By Christian Santos*

The Telecommunications (Arbitration) Regulations 2018 (Cth) (‘the TAR’) has made changes to the arbitration of disputes by the Australian Competition and Consumer Commission (ACCC). The significant changes follow:

1. ACCC Conduct of Arbitrations

Regulation 14 of the TAR gives greater flexibility to the ACCC in how it may conduct the arbitration of a dispute. The ACCC may either conduct an arbitration ‘on the papers’, or hold an arbitration hearing, in-part on the papers and in-part by arbitration hearing. This is intended to avoid having to determine a case through a potentially lengthy and expensive hearing.1

2. Joint Arbitrations

Regulation 22 of the TAR allows the ACCC to conduct a joint arbitration where the ACCC is conducting multiple disputes at a particular time that share one or more matters common to those disputes. The intention of the change is to allow for faster decisions where a number of telecommunication providers are involved in a dispute about a single issue.2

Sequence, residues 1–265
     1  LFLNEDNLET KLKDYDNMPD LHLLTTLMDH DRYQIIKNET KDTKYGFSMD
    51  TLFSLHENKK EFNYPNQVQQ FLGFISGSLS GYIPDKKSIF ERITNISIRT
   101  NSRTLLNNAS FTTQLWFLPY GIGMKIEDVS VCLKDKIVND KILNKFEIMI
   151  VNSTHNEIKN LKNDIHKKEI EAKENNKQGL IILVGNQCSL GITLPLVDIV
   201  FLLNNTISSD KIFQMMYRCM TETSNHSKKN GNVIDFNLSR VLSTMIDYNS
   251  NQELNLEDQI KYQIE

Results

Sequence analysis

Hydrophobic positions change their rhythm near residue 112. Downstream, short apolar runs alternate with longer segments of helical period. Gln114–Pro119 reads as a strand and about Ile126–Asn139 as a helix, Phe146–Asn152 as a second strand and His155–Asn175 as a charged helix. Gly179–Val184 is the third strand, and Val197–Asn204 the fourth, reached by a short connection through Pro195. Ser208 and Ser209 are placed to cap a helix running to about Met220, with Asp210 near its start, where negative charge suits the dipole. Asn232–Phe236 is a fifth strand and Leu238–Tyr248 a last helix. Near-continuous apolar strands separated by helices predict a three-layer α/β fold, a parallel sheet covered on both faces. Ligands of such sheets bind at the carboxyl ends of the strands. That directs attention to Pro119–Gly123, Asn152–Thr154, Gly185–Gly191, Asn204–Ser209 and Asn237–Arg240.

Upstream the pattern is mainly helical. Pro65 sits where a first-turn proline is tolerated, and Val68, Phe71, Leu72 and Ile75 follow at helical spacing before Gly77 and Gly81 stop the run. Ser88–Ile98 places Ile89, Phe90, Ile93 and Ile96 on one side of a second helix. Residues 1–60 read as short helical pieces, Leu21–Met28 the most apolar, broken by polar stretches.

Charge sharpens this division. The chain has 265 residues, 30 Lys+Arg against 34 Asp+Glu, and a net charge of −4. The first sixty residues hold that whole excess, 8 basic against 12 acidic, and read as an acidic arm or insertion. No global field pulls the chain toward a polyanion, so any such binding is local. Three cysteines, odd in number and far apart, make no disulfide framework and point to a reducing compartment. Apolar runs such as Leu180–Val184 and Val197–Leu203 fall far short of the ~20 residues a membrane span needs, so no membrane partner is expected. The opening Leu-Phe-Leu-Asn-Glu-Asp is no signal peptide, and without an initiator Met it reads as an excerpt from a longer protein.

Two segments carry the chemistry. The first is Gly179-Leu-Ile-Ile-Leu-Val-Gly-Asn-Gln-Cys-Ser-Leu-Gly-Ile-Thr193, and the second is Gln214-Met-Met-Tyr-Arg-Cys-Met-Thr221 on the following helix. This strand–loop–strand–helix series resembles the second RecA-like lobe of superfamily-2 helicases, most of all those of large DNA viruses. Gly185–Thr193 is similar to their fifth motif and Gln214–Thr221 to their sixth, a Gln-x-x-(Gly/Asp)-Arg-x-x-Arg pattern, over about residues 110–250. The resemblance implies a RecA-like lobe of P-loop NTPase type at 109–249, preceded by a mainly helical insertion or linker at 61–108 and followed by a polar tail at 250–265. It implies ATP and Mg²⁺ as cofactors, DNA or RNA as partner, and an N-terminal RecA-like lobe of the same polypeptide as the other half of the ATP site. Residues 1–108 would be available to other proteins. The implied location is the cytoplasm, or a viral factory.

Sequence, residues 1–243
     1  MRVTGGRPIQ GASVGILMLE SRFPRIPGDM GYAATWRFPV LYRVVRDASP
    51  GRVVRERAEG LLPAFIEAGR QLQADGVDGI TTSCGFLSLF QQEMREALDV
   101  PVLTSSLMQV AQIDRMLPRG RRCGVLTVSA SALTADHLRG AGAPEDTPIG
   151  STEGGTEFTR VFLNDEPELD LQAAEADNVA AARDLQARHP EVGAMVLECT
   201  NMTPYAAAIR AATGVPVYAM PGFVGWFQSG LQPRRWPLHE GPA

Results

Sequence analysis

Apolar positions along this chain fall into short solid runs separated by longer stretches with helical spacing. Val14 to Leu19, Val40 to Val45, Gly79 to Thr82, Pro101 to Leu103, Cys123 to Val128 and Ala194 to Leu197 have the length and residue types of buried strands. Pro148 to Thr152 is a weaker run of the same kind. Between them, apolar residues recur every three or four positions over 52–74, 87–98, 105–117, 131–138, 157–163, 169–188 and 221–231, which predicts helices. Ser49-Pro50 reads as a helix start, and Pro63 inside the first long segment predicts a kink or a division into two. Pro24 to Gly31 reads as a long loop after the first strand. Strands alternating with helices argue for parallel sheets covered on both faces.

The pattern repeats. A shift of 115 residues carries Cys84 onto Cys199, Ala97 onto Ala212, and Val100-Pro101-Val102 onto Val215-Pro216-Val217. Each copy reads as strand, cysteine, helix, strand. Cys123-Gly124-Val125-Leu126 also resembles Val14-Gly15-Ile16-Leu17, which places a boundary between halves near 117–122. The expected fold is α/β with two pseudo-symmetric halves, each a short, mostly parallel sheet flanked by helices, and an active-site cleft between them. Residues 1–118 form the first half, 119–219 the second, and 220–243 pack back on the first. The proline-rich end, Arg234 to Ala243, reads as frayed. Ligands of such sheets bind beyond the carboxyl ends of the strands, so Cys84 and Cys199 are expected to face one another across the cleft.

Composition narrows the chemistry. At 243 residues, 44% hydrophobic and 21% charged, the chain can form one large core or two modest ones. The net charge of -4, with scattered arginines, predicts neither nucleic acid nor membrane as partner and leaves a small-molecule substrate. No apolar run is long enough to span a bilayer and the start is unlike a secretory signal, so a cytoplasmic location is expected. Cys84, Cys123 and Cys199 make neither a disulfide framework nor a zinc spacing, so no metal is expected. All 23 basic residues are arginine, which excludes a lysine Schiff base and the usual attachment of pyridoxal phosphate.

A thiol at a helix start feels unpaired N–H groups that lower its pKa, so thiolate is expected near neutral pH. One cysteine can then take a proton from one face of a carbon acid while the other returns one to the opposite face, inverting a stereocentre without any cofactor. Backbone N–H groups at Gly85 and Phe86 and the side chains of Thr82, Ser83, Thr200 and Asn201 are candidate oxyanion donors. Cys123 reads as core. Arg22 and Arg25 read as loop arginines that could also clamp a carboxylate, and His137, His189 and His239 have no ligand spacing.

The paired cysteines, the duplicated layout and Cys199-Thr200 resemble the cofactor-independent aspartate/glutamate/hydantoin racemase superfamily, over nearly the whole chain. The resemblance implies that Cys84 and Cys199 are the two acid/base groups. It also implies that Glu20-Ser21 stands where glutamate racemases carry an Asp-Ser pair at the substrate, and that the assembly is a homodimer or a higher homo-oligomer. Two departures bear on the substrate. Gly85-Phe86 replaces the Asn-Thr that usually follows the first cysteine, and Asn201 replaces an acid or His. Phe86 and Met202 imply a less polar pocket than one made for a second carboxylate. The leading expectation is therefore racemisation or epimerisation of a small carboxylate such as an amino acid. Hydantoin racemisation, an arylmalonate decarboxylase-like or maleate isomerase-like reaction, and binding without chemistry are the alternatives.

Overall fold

3. Removal of ‘Reasonable Excuse’ Defences

Regulation 27 of the TAR omit the ‘reasonable excuse’ defences of the 1997 Regulations, when prosecuting for the failure of a witness to appear when summoned, the failure of a witness attending an arbitration to be sworn or affirmed, or to answer a question or produce a document as required by the ACCC. However, the general defences in Part 2.3 of the Criminal Code Act 1995 would still be available, where applicable.3

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*Christian Santos LLB/BA (Hons), is currently an ADC intern and a PhD candidate at Notre Dame University.

1 Explanatory Statement, Telecommunication (Arbitration) Regulations 2018 (Cth).
2 Ibid
3 Ibid

 

Download in PDF: Telecommunications Arbitration Regulations